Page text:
Don’t look for blame but take responsibility for improving things to the extent you can

February 19, 2015 by Joshua
in Nonjudgment, Tips

Blaming other people is effective at solving problems if you can change other people and you can go back in time to change the past.

For the rest of us, blame is effective at polarizing others against you and undermining relationships. If that’s your goal, I recommend it.

It’s also effective at making you feel self-righteous and superior, until the polarization kicks in and you feel alienated or like you have to blame more. If that’s your goal, I recommend it. You can tell people you have to understand the problem to solve it and that’s why you’re doing it, but they’ll just see you fooling yourself. Spending that time on understanding the solution will get you farther.

For everyone else, I find that focusing on acting on the present solves problems more effectively than analyzing and criticizing the past. This strategy has served me well:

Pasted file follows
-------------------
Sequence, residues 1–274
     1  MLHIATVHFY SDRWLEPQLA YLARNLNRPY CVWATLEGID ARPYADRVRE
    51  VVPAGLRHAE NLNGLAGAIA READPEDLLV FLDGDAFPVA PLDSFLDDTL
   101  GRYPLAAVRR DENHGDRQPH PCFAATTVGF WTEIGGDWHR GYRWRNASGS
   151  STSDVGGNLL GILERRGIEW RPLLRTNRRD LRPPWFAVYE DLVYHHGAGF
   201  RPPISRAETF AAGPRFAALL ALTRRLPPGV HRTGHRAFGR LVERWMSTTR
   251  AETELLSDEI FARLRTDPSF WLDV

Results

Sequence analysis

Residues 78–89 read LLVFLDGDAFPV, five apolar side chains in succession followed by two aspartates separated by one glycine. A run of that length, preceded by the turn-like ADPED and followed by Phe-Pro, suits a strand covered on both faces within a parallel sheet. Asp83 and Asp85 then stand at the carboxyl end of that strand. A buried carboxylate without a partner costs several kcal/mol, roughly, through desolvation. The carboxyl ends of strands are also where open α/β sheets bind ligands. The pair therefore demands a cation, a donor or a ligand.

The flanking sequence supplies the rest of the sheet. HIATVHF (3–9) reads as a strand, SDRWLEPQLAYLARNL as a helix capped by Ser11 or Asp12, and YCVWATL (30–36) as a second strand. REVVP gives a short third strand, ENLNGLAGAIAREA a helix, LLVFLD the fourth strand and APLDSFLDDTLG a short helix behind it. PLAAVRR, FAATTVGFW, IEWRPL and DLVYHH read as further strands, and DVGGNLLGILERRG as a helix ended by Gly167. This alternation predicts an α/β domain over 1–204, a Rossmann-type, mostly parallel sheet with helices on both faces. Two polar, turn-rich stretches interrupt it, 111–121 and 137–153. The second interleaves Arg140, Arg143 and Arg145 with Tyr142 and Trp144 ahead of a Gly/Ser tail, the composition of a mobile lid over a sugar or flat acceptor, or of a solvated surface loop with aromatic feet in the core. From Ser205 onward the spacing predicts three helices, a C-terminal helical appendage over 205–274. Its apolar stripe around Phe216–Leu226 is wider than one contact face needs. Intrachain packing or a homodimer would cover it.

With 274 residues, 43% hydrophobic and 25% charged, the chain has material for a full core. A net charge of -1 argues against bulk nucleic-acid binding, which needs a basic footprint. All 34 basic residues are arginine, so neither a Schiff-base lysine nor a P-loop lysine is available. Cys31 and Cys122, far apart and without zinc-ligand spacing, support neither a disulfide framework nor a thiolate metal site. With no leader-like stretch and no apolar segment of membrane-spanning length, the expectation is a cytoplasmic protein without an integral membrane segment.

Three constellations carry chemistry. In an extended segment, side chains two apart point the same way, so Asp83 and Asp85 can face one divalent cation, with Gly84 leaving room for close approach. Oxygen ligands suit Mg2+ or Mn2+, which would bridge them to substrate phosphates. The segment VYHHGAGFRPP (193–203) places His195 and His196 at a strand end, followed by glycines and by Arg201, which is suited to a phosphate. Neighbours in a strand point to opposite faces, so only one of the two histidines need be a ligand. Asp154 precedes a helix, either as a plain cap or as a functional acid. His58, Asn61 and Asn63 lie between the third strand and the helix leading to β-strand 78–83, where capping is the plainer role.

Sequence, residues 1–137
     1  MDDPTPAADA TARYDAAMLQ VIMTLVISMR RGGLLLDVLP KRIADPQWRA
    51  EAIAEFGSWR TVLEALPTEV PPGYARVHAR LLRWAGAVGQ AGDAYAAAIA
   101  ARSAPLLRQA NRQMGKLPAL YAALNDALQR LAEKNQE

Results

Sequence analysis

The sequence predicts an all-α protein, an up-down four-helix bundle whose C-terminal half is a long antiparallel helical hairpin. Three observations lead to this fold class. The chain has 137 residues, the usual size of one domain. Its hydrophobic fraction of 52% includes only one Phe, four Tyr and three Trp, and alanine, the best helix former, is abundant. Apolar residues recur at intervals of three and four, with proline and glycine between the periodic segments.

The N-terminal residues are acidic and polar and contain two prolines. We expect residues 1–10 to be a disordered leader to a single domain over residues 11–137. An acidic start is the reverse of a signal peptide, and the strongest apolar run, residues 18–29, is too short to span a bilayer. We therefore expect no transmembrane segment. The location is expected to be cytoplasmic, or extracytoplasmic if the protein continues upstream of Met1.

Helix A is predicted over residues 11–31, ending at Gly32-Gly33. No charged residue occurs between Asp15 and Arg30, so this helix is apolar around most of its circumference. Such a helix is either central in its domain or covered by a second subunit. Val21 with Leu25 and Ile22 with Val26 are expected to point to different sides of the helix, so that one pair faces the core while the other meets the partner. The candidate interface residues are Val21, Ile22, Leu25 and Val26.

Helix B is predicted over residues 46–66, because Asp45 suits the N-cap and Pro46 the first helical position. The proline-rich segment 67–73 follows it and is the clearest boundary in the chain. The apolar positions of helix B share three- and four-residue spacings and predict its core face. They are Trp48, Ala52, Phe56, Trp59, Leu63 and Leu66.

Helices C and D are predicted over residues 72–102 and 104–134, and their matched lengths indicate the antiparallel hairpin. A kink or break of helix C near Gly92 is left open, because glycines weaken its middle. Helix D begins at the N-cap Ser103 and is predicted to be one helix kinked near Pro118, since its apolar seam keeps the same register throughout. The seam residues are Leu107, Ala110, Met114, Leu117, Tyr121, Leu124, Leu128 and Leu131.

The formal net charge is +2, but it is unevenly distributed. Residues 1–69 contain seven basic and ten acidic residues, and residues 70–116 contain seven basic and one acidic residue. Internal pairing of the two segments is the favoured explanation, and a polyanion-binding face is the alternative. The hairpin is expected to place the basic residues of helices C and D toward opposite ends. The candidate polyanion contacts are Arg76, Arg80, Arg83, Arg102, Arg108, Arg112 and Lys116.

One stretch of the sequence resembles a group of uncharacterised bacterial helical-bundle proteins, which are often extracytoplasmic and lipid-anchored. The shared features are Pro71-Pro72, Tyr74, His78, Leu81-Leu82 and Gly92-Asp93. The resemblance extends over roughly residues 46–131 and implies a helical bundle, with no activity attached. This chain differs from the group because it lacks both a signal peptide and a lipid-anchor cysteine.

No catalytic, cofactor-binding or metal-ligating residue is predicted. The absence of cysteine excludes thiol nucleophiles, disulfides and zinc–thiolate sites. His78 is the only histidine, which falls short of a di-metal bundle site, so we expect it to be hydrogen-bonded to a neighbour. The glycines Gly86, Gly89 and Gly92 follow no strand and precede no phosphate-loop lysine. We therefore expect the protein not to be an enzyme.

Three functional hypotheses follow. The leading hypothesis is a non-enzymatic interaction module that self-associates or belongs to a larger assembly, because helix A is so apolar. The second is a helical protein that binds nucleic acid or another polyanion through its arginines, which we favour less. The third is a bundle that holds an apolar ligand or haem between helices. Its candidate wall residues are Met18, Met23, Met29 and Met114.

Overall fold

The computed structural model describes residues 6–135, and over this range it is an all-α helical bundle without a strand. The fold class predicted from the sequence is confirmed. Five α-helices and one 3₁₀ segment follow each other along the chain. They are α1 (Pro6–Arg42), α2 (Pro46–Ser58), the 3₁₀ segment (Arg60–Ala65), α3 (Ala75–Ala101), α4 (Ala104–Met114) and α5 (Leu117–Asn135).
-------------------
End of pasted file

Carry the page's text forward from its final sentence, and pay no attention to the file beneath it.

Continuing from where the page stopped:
Don’t look for blame but take responsibility for improving things to the extent you can

I’ve written about it before, but it bears repeating. If you blame a lot, I bet changing this strategy will improve your leadership and life more than most things. Here are a couple past posts on the topic

Learn to make Meaningful Connections

with a simple, effective exercise from my book, Leadership Step by Step.

Including

  • Step by step instructions
  • Video examples of me and Marshall Goldsmith
  • An excerpt from my book

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1 response to “Don’t look for blame but take responsibility for improving things to the extent you can

  1. Pingback: Non-judgmental Ethics Sunday: Should a Teacher at a Sketchy College Help Recruit Students? | Joshua Spodek

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